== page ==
I view the role of the managing partner in a CPA firm as a mentoring role. Managing partners are certainly a role model for the younger staff but they must also be a mentor and coach to the other partners. Holding them accountable to their goals, assisting them with bringing in new business and asking them to continually improve their skills is a major part of the everyday activities of a managing partner.
By the time a CPA reaches the level of managing partner, they have no doubt developed the skills and talents that enable them to be an effective leader.
In their early years as a staff person, they most likely had role models, mentors, coaches, managers and firm partners to help them grow in their expertise and technical skills.
Now, they are the boss and probably do not seek out as much coaching and skill development activities that happened as they climbed the career ladder. They may even have an outside paid mentor to confide in and ask for assistance and guidance. However, that person does not truly know what goes on when the managing partner is at work every day.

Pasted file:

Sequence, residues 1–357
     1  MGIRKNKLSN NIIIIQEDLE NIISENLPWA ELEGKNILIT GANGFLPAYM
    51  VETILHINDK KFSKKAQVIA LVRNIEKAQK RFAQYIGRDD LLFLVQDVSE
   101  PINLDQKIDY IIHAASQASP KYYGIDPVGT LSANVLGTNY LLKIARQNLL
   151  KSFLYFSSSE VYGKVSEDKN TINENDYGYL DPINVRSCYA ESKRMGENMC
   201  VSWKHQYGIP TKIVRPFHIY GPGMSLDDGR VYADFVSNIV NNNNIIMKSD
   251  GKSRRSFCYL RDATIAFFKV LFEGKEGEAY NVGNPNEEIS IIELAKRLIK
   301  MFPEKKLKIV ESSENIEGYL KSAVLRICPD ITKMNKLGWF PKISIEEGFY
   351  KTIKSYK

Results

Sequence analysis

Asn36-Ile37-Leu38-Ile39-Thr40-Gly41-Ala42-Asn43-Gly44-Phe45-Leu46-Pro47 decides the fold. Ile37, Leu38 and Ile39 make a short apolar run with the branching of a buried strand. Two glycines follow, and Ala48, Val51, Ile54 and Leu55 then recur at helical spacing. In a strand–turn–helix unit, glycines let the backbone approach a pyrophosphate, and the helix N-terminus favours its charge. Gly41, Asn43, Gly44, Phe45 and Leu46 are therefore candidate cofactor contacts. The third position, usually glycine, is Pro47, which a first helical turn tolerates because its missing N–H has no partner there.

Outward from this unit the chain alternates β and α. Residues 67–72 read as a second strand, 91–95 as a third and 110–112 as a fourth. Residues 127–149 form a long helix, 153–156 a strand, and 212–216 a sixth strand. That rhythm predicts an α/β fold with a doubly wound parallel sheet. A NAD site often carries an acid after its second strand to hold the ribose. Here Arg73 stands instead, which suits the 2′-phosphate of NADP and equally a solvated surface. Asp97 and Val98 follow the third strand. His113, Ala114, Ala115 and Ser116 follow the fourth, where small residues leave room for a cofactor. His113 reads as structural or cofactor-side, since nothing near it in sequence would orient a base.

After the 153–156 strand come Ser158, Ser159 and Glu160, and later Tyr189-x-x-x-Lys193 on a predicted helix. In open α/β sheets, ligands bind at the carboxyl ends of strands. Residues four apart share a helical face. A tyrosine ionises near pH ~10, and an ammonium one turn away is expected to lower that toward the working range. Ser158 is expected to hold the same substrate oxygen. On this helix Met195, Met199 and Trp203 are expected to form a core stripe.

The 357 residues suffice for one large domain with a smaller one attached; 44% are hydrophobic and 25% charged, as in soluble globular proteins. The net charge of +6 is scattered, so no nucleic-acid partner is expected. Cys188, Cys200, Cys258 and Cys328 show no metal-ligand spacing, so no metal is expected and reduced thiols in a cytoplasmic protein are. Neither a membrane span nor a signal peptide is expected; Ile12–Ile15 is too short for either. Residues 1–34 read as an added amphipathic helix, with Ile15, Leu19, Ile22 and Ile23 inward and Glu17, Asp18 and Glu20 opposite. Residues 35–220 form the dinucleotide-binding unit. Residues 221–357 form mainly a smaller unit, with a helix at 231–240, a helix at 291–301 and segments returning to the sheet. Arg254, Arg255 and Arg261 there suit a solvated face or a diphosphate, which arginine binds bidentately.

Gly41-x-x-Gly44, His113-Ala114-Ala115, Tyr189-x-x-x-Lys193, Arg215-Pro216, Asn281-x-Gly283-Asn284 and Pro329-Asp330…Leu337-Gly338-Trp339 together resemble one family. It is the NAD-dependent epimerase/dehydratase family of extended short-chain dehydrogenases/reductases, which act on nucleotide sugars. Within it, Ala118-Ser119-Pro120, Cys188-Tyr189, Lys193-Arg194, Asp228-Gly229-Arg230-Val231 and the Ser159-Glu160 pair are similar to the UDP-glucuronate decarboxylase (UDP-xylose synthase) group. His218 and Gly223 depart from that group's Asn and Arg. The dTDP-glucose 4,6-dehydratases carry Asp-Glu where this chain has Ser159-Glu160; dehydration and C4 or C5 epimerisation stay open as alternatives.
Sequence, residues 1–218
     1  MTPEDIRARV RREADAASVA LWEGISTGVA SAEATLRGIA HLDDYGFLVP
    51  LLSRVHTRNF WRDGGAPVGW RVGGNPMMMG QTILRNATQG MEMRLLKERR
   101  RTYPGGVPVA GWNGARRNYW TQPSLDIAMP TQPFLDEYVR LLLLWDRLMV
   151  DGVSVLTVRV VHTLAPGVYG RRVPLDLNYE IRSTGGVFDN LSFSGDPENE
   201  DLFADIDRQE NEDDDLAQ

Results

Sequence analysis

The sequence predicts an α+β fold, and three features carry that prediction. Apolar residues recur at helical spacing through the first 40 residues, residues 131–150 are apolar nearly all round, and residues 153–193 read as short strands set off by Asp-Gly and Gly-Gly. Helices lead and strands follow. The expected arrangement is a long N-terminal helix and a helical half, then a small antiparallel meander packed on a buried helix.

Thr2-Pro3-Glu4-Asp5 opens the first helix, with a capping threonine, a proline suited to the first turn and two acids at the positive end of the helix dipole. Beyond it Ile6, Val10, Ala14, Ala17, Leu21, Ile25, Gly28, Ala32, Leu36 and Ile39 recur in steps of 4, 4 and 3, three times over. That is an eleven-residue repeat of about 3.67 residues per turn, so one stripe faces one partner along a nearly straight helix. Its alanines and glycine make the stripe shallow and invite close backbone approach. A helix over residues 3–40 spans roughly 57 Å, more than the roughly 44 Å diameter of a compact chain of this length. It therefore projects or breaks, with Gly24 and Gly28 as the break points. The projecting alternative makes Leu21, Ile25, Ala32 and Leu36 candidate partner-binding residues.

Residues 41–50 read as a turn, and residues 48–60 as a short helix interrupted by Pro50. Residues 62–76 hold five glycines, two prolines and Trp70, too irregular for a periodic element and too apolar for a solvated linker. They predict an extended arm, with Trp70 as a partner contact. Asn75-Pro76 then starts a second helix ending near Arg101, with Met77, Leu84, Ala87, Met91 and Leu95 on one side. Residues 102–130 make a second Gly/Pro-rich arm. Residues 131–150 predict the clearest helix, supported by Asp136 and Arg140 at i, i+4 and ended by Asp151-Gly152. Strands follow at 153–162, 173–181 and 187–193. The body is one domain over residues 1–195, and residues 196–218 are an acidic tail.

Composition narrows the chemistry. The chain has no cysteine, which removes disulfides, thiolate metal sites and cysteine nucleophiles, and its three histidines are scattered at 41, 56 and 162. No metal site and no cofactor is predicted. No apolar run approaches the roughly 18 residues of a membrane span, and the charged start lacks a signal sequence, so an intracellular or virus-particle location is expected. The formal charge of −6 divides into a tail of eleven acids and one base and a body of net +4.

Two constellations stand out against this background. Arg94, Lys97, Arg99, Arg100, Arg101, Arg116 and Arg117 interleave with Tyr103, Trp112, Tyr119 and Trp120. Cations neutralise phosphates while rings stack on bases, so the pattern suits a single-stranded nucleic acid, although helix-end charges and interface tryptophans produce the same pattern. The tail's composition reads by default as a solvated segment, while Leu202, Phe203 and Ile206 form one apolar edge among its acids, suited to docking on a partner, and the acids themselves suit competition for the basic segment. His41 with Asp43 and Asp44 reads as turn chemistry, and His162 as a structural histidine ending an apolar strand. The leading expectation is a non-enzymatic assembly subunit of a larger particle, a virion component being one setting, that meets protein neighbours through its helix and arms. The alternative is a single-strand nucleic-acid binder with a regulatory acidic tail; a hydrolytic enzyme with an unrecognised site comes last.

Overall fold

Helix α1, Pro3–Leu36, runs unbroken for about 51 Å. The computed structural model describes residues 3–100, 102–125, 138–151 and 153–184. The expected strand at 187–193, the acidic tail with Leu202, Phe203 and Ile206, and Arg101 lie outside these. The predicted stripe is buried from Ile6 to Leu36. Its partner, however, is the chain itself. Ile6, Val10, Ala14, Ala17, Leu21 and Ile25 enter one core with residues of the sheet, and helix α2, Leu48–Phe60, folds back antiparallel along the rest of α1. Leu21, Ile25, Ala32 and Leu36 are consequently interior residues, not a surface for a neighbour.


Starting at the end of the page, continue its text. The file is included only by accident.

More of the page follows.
Managing partners, why not seek out a junior coach inside your own firm? Who actually observes your behavior on a regular basis and will tell you things you don’t want to hear?
Upward feedback surveys for the entire partner group is a healthy exercise. If you haven’t done one in a few years, you should. But, for the managing partner, here is a simple exercise.
Pick 5 or 6 people at your firm, not partners, subordinates. Interview them and ask: What advice would you offer to help me improve my effectiveness? Please give me one or two specific and actionable suggestions. I would appreciate your advice. Then listen.
This exercise might seem awkward at first but keep it up. Pick 5 or 6 different people later in the year and do the same personal interviews. Then next year do it again, once or twice. As Ken Blanchard says, “Feedback is the breakfast of champions”.
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